National Geographic : 1951 May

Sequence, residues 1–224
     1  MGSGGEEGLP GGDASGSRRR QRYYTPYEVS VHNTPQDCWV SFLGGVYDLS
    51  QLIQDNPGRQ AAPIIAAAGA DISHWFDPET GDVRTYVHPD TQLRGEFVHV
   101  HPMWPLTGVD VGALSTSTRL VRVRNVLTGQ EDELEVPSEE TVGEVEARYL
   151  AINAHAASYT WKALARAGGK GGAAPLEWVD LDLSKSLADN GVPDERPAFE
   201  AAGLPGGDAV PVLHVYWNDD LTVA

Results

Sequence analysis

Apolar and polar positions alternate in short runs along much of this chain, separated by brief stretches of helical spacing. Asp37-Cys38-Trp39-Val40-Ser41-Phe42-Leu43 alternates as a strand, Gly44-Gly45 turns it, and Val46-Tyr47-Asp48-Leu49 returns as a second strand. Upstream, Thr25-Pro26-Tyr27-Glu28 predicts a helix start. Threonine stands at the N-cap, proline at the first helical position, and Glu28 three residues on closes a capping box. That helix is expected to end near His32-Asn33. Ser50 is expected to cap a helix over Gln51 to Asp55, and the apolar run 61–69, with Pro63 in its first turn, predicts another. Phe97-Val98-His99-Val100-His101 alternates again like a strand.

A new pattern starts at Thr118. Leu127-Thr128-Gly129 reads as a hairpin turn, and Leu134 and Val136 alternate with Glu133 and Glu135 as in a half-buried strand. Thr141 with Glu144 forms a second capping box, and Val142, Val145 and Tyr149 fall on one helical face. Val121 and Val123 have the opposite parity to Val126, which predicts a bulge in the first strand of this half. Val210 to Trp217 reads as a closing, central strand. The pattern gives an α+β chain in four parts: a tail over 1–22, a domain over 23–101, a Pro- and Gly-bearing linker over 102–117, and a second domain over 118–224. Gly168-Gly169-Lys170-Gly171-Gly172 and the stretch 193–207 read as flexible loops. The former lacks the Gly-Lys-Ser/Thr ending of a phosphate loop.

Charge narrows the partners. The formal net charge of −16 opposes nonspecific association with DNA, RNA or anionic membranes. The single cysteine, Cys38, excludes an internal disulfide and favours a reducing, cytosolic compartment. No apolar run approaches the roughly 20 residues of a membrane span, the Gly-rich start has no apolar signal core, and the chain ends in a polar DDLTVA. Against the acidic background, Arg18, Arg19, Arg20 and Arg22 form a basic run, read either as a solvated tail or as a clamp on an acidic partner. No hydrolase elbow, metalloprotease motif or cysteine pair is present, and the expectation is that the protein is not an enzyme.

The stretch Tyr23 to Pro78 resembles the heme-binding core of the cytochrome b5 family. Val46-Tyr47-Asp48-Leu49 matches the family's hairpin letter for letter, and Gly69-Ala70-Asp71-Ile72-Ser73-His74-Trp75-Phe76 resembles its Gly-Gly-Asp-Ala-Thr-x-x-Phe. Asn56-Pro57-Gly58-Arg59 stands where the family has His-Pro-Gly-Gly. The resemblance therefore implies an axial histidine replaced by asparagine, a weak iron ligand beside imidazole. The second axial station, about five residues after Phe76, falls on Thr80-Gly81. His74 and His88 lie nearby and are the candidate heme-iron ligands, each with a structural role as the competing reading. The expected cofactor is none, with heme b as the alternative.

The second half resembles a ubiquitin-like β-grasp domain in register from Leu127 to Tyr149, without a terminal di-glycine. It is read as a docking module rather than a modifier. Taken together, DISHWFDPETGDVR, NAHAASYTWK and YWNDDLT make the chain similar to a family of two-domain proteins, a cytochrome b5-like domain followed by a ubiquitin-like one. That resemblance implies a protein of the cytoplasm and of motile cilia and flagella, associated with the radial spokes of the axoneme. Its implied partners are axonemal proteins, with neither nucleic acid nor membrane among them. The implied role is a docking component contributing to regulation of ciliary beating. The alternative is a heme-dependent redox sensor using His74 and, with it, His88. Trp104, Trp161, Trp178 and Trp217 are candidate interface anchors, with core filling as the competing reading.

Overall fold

Flamingos' Last Stand on Andros Island BY PAUL A. ZAHL With Illustrations from Photographs by the Author ABOUT ten years ago a visitor crossing one of the numerous shallow lakes that dot Andros Island in the Bahamas might have seen a breath-taking sight. First he would spy a long thin line of pink at the water's edge. As he came closer he would hear a strange squawking, like the constant gabbling of wild geese. Then, as if on signal, the noises would abruptly give way to an apprehensive silence. When the visitor came within 100 yards of the shore line, the rasping clamor and chatter would begin again, growing louder and louder. Suddenly countless flaming "jets" would streak over the water like a quivering sheet of fire-thousands of gleaming red flamingos boiling into the sky and quickly disappearing into a mirage-like horizon (pages 648-649). Today man could comb Andros in vain for flamingos. He might see eight or ten stray ones shoot overhead in a V-formation and sweep out of sight behind the trees. But no red multitudes. The grotesquely beautiful flamingo of Andros faces the same fate that made the ungainly dodo extinct about 250 years ago. Outpost of the Bahamas Detoured for centuries, desolate Andros, 110 miles long and about 30 miles wide, lies baking in the white sun. Occasionally it is tilted back on its heels by a hurricane roaring out of the Caribbean storm womb. In the years before the war the world had left Andros, largest of the Bahamas, to a few thousand natives who dwelled in wind-resist ant limestone huts in the small towns and communities along the east coast. They eked out a living raising corn and coconuts and fishing for sponges, conches, and spiny lob sters. Here also a few white men found refuge from a maddening world. The interior and west coast of the island are uninhabited. For the most part, these areas have remained little known since the beginning of time. Like all of Andros, they are a conglomeration of hundreds of irregular land patches interlaced by shallow waterways, some narrow, some expansive. Scrubby man grove brush covers the land. Dangerous sharks and leg-ripping barracuda cruise the shallows. Moray eels, sting rays, fish, and other marine life abound. Such wasteland and solitude was a haven for the flamingo (derived from the Latin flama, meaning flame). For years flocks of them fed on the mollusks found in the sand bottoms of the salt lakes, mated and nested on the low, flat shores. The flamingo, which brought color to an otherwise drab scene, claimed Andros as its cherished and undefiled home. And, strangely enough, for the shy, nervous flamingo Andros was one of its last stands the world's end. Forty years ago the island, lying north of Cuba and off the southeast tip of Florida (map, page 639), had a popu lation of many thousand flamingos. Feel ing the pinch of encroaching civilization nearly everywhere else in this area, they prospered on the by-passed and seemingly forgotten island. But Andros was rediscovered during the last war by man and his technology. The big flamingo city found on Andros by the late Dr. Frank M. Chapman of the American Museum of Natural History, New York City, in 1904, was as surely a war casualty as Leningrad, Warsaw, and Berlin. In the early 1940's, military planes roared through sun-drenched Bahama skies on prac tice maneuvers. Pilots were at first per plexed by the sight of immense vermilion patches which mottled the land below. More than once a young airman, bored with routine pattern flying, would bank out of formation, descend on a great mass of this red-pink color, and give gleeful chase to the terrified birds. When perhaps a half-mile away, the pilot could make out some movement among the birds. Those nesting would rise uneasily. Thousands of ungainly black-beaked heads would periscope and freeze in the direction of the approaching intruder. No Protection-Only Hysteria Rising from their nests, the birds would reveal a myriad of mud mounds, bowls ex tending above the shallow water level (page 652), the center of each punctuated with a single chalk-white egg, rarely two. The air would well with honks of raspy terror. The wild flamingo, Phoenicopterus ruber,* * See "Large Wading Birds (Herons, Ibises, and Flamingos)," by T. Gilbert Pearson, with paintings by Maj. Allan Brooks, NATIONAL GEOGRAPHIC MAGA ZINE, October, 1932.